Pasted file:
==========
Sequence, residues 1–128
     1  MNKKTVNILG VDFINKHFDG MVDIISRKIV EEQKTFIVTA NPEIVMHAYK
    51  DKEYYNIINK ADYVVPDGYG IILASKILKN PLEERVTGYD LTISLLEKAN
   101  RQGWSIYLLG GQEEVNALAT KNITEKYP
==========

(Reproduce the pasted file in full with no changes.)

Sequence, residues 1–128
     1  MNKKTVNILG VDFINKHFDG MVDIISRKIV EEQKTFIVTA NPEIVMHAYK
    51  DKEYYNIINK ADYVVPDGYG IILASKILKN PLEERVTGYD LTISLLEKAN
   101  RQGWSIYLLG GQEEVNALAT KNITEKYP